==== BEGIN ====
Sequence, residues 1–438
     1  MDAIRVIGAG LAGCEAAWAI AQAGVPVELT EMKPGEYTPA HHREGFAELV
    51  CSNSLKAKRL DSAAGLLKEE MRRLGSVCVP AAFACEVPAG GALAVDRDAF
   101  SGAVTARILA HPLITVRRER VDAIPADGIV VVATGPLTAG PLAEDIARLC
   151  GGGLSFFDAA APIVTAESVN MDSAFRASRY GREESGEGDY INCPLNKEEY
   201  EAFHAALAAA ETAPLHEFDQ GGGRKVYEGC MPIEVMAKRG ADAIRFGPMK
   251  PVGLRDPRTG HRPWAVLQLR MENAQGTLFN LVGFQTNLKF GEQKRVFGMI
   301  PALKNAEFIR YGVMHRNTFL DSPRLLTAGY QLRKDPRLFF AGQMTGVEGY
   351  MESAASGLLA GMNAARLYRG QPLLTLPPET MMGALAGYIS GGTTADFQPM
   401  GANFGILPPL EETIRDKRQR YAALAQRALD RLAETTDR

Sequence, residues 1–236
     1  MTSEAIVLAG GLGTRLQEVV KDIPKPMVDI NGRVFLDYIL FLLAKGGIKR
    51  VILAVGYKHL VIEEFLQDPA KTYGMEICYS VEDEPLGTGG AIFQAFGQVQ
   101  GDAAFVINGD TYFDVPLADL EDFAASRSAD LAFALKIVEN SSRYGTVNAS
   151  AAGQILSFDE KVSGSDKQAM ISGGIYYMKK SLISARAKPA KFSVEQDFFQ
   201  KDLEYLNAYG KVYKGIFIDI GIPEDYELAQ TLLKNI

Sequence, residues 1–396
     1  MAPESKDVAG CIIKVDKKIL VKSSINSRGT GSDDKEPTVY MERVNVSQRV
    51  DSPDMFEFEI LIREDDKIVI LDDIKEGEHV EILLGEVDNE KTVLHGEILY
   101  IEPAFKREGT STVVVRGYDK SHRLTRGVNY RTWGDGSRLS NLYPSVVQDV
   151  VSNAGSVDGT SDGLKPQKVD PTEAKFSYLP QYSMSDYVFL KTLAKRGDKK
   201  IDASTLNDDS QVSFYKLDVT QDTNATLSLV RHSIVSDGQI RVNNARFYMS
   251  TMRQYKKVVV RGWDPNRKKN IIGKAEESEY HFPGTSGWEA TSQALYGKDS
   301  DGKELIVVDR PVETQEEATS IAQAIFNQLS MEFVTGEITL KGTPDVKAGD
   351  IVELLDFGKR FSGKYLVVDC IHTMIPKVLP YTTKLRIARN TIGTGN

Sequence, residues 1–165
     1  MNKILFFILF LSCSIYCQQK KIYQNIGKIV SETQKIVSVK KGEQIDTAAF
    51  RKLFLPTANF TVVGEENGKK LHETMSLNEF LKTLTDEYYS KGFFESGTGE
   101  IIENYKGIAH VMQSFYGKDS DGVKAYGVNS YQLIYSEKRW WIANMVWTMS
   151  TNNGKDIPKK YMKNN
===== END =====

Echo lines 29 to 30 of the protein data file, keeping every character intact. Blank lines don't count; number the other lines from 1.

   101  IIENYKGIAH VMQSFYGKDS DGVKAYGVNS YQLIYSEKRW WIANMVWTMS
   151  TNNGKDIPKK YMKNN